British propaganda during the First World War was very creative because the secret British War Propaganda Bureau (WPB) got “twenty-five leading British authors…to discuss ways of best promoting Britain’s interests during the war” (Spartacus, n.d.). This was very effective; they “published over 1160 pamphlets during the war” (Spartacus, n.d.). The posters for WW1 were visual and mainly aimed at men until 1916, when conscription was established; the graphics in these posters are not as vivid and incisive as the Second World War posters.

The Second World War propaganda posters did not work alone because the Government put in “a coordinated campaign together with films, radio broadcasts, pamphlets and articles and advertisements in newspapers and magazines”, but if it had not been for posters then the message would not have got across to the public (St Andrews, n.d.). Some of the posters for this war were slightly influenced by Constructivism because mechanical objects are combined into abstract mobile structural forms.

3.3 Nazi Propaganda

The primary goal of Nazi propaganda was radically to restructure German society so that the prevailing class, religious and sectional loyalties would be replaced by a new heightened national awareness.” (WELCH, 1993:52)

Within Hitler’s Mien Kampf, he tells the public how he intended to use propaganda, as he states that “the purpose of propaganda is not the personal instruction of the individual, but rather to attract public attention to certain things, the importance of which can be brought home to the masses only by this means” (Hitler, 1925:160) – meaning the use of propaganda. Hitler went further on and stated that he “soon came to realize that the right use of propaganda was an art in itself and that this art was practically unknown to our bourgeois parties” (Hitler, 1925:158). This is perhaps why his propaganda is to this day one of the most successful uses of the medium because others around him did not know how to enhance the properties of propaganda for their benefit. “The Nazis also understood that propaganda is of little value in isolation…this explains why Goebbels impressed on all his staff…the imperative necessity constantly to gauge the public moods.” (Welch, 1993:50)

The Nazis distributed their propaganda through books, “printed leaflets and posters [which] remained the major media for propaganda graphics. All the artists and painters had to receive approval from the Ministry before publishing their works in Nazi Germany” (Cruzine, 2010), which meant that all of the work distributed followed Nazi ideology and not another. The Nazis were influenced within their artwork by Bauhaus techniques, including the way that their work is structured.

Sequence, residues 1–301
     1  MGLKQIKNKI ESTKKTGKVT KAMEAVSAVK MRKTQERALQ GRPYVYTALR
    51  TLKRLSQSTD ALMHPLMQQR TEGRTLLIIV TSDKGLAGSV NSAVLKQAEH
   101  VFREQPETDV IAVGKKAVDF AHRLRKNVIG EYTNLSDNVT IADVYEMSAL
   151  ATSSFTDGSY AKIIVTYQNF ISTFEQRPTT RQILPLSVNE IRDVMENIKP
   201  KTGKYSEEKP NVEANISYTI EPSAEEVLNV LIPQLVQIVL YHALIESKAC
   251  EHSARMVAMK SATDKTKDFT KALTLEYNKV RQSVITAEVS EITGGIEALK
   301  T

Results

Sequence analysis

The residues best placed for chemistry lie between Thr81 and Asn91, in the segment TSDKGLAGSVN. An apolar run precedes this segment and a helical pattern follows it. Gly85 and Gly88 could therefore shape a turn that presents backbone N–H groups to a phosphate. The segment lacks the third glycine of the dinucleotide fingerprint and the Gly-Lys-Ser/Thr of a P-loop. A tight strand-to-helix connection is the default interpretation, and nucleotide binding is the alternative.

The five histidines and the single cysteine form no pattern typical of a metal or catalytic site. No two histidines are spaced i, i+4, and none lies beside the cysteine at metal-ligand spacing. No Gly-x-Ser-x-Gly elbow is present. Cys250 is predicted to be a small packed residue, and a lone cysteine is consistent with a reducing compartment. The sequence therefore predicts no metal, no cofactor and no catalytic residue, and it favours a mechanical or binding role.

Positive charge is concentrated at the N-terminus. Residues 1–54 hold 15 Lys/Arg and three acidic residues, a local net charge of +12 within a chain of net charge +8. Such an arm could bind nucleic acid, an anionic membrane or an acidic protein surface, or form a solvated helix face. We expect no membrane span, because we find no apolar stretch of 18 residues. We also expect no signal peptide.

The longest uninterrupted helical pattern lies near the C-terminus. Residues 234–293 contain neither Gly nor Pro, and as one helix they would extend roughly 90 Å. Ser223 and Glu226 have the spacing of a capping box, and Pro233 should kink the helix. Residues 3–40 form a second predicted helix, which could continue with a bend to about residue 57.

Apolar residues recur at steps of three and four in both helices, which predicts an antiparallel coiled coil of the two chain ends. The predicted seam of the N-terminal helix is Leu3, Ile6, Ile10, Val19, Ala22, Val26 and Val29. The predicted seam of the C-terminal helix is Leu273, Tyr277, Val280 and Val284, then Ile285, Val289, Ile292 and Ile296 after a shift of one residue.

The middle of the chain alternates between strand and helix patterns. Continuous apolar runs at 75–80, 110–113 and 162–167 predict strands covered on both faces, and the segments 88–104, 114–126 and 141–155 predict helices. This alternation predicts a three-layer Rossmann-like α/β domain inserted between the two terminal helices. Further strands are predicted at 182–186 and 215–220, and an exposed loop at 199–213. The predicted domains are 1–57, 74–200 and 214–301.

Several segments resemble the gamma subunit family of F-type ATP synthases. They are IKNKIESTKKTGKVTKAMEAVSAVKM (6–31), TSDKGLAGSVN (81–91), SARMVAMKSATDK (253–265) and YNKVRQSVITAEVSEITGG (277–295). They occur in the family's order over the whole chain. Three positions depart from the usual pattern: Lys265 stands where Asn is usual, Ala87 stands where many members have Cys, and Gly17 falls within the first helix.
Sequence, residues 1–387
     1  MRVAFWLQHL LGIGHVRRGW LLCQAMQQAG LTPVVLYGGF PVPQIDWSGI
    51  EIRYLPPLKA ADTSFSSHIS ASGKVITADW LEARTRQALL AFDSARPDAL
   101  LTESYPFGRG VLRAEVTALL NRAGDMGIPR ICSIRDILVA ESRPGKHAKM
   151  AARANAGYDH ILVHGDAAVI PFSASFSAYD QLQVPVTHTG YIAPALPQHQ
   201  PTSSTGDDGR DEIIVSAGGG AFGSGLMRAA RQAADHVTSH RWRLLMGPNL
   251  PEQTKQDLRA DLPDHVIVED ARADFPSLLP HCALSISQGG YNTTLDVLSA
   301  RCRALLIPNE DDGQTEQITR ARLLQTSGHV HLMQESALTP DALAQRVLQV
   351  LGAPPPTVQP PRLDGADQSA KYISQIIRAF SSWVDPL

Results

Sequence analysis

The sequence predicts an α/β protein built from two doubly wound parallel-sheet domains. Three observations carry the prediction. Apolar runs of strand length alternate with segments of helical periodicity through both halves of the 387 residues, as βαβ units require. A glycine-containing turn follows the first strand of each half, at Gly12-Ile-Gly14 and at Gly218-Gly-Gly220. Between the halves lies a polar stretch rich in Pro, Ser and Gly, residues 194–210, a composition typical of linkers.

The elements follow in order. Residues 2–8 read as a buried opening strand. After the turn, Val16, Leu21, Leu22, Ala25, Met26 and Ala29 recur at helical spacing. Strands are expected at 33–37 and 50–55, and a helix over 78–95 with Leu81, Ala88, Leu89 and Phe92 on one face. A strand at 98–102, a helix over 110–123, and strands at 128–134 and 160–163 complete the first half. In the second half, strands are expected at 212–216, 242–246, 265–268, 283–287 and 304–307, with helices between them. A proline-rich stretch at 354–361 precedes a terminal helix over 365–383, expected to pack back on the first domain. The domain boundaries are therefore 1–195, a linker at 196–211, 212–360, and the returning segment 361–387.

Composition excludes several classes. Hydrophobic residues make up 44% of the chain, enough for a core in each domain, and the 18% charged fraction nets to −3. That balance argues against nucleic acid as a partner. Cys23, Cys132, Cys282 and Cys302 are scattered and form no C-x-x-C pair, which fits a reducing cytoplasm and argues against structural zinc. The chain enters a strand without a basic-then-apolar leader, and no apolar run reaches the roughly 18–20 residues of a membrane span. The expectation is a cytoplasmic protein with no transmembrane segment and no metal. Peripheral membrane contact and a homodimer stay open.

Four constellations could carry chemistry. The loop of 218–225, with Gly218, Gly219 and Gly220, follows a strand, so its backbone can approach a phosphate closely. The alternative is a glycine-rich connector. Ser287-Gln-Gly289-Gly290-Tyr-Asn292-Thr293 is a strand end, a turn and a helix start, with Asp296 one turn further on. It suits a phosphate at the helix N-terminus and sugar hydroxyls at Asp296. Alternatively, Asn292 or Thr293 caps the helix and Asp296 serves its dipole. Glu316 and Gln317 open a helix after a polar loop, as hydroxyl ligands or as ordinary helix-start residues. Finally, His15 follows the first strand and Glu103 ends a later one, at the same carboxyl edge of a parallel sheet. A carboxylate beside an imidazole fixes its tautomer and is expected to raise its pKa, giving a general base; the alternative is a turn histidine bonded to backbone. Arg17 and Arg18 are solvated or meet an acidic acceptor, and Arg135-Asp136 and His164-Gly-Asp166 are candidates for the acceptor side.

4. 21st Century Propaganda

Propaganda is still in use to this day but it is known by different terms, due to the negative connotations that have been attached to the word ‘propaganda’ through history (introduction). Harold “Lasswell referred to “propaganda” as merely a “tool,” to be used either for good, bad, or amoral goals – similar to advertising or public relations” (Siedman, 2008:7). Therefore, “anything designed to publicize ideas, organisations, or people can be deemed “propaganda”” (Seidman, 2008:8-9). “There is an extremely thin border between propaganda concepts and, for example, those of advertising. That is why it is really hard to say whether posters of Coca-Cola or McDonalds you see every day, should be treated as propaganda or advertising.” (Cruzine, 2010).

4.1 USA Propaganda

According to asylum seekers from Eastern Europe, China and the Soviet Union who have emigrated to America, American propaganda “is, undeniably, the best in the world.” This is because where they came from the propaganda “was too obvious”, so it did not appeal to the masses, therefore “the people just tuned out” and “hardly anyone believed in the stuff”. But over in America “it relies entirely on emotional appeals. It doesn’t depend on rational theory that can be disproved: it appeals to things no one can object to”(Pure Water Gazette, n.d.).

4.2 Political Propaganda